FrustratedEgo

This is a man who I am constantly suprised to see on Royal Road. He writes with aplomb, humor, and an established sense of personal style. It seems he is in an odd superposition of being a veteran writer and simultaneously discovering the joy of storytelling anew. He has written at least four other works, and time and time again I settle down with a smile and anticipation as I spot his newest fiction rising on trending. He helps combat the reputation this site has for shoddy grammer and slapdash plot design.

Enough with my admiration for this author however, this review is about Liars Called.

Style: 4 / 5

I'm being cautious with this rating not because the style is inconsistent, but because Liars Called has a very distinct style that might not be for everyone. FrustratedEgo has developed this hazy, murky atmosphere that invades all aspects of this story, and this uncertainty can be, dare I say it, frustrating for someone who likes a clean cut clinical retelling. Liars Called is not that, not by any means. A persistent feature of the fiction are interjections, reminding me vaguely of Bartimaeus trilogy by Jonathan Stroud. The story is presented as a diary, with quick quips, reflections, and explanations written by an older, and presumably wiser protagonist. The approach is unique on the platform, and the style itself is integral to Liars Called.

Story: 4 / 5

Much like the Style, I hesitate to go any higher because of the niche nature of Liars Called. It follows our protagonist as he staggers through his life after a mysterious and abrupt change in reality as we know it, with little clear direction of narrative arc, and in doing so maintains its consistency and dedication to being entirely character driven. The plot unfolds as a consequence of the world and this in it, feeling seamless and natural to the reader. I enjoy the story in part because much like our protagonist I'm trying to understand these people and changes, to come to terms with the new world we are presented with. It is new, it is refreshing, and it deserves all the praise I give it and more.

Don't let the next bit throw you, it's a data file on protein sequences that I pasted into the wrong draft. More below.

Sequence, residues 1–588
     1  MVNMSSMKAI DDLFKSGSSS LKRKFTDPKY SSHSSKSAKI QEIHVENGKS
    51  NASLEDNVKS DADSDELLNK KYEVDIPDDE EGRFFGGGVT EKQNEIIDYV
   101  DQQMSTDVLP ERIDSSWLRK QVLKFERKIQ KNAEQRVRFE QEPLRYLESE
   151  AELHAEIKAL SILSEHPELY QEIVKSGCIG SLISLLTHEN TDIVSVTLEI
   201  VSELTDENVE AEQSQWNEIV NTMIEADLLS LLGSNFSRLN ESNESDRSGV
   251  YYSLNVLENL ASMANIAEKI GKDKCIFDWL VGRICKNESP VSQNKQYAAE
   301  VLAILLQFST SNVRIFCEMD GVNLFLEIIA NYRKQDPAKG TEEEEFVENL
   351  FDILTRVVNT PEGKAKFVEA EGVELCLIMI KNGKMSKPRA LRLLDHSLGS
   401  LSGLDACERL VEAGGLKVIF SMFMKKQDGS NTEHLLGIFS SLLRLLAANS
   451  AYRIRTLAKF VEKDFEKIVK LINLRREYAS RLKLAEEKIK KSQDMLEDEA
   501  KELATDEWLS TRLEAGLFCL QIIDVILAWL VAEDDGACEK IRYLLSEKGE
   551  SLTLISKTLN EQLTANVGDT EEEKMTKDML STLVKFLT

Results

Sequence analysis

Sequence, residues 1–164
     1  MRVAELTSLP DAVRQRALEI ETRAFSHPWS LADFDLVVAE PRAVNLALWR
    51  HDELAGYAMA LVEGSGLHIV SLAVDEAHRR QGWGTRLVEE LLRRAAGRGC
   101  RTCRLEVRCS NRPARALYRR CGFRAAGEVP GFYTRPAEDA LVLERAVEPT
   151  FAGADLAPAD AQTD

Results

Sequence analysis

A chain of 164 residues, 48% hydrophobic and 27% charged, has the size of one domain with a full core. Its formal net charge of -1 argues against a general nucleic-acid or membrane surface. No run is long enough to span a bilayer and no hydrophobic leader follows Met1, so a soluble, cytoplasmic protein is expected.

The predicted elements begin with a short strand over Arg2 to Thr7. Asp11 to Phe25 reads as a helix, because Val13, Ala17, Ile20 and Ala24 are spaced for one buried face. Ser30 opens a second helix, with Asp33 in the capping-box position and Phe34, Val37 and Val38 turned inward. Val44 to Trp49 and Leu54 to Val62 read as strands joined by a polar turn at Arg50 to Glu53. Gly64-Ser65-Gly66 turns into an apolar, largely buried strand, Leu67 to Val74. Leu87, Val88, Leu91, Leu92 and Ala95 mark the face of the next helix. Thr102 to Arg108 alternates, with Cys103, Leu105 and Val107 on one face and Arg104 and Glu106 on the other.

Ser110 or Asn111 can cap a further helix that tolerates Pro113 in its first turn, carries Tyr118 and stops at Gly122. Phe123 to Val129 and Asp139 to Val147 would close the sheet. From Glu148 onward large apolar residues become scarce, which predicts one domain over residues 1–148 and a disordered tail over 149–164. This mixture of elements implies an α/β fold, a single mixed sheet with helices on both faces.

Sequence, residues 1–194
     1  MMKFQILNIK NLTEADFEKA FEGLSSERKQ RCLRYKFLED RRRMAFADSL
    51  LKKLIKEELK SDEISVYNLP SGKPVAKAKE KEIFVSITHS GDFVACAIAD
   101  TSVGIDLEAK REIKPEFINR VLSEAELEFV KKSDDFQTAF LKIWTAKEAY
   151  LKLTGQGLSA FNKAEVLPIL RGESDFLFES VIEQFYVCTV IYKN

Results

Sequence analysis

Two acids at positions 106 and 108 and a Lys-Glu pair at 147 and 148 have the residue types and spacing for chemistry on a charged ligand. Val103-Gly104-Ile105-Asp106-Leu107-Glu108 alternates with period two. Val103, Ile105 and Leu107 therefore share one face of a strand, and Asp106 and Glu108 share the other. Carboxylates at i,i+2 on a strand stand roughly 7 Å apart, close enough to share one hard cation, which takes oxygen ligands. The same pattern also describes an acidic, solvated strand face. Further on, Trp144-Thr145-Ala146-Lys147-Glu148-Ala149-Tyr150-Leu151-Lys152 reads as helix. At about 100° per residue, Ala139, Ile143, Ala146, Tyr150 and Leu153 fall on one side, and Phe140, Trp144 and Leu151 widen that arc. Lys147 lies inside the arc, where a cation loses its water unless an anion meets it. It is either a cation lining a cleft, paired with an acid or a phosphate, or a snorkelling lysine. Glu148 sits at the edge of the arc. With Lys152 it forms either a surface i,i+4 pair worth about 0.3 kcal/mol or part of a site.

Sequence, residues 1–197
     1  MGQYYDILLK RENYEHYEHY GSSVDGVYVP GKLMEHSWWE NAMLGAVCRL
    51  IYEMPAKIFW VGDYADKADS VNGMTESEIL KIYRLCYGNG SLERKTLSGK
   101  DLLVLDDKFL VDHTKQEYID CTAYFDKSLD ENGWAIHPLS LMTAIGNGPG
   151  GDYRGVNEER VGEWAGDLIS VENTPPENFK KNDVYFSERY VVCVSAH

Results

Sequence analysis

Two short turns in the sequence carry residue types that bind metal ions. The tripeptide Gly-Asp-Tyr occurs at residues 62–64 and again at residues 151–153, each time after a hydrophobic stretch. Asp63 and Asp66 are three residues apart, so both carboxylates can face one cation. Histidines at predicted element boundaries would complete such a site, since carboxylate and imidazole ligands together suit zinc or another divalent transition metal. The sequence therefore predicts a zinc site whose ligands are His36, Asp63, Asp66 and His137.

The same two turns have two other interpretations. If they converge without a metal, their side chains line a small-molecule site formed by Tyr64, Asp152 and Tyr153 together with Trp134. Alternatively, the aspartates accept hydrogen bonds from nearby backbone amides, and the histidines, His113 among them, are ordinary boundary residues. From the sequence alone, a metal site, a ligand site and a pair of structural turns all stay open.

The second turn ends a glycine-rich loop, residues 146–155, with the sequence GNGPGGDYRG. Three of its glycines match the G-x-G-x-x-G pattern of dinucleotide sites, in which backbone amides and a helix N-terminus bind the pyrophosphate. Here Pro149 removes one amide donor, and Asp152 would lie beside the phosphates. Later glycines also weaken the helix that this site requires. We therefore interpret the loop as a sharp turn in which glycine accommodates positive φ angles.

Grammer: 4.5 / 5

If you look through my profile, you will likely notice that I generally write reviews about fiction that impresses me. A common theme of these fictions will be a steady grasp of gramatical rules, and an abscence of glaring errors in the prose. FrustratedEgo writes well and writes cleanly, and Liars Called is no different. With plans declared for further editing and proofreading in the future, in this aspect Liars Called nearly achieves perfection.

Character: 4.5 / 5

As mentioned earlier, the fictions appears to be entirely character driven, and throughout the novel the characters are consistent, well rounded and act realistically. To be fair, in the situations that occur I'm not sure what the standard of realism is, but they talk and act in a manner that is established as they are introduced and reinforced with each piece of screen time. These characters are clearly explored, have untapped depths, and will continue to allow the reader to empathize or connect with in a variety of ways.

Overall: 4.5 / 5

Yes, this is not a purely mathmatical average of the prior scores. Yes, I am clearly enthusiastic about Liars Called, and yes, you should certainly give it a try. I'm not sure what else to say, so I'll not take up more of your time. Its good. Should you enjoy it, or wish to see other fictions by a writer of high quality, visit FrustratedEgo's profile and check out his other works.

Zarfas
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A dark fantasy, a real Fairy Tale of old

One of the most thrilling stories on this site. A dark fantasy at it's peak of potential. Reminds me of the good old fairy tales, the real kind. With changlings and dangers at the crossroads, but rewards as well... if only you know the rules and resist temptation. One hell of a story

Aki1red
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Read the 1st 5 chapters and fall in love

Surprisingly really good I highly recommend it 

Andross Guile
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This is perhaps the worst style I've ever read on RRL. Interjecting statements from an omniscient entity are annoying in general. I didn't like it when it was masterfully done in "The Book Thief" and I certainly hate it done by a rank amateur.

Characters can' breathe if you don't let them live without making incessant comments. A reader certainly does not need the foreknowledge of what is happening. It destroys suspense. 

What irritates me far more than this terrible storytelling tool is that the author clearly has experience writing and still makes that AWFUL and infuriating faux pas. 

Seriously, get rid of those comments and I'd continue reading. And don't worry, anyone can suspend their disbelief for a bit.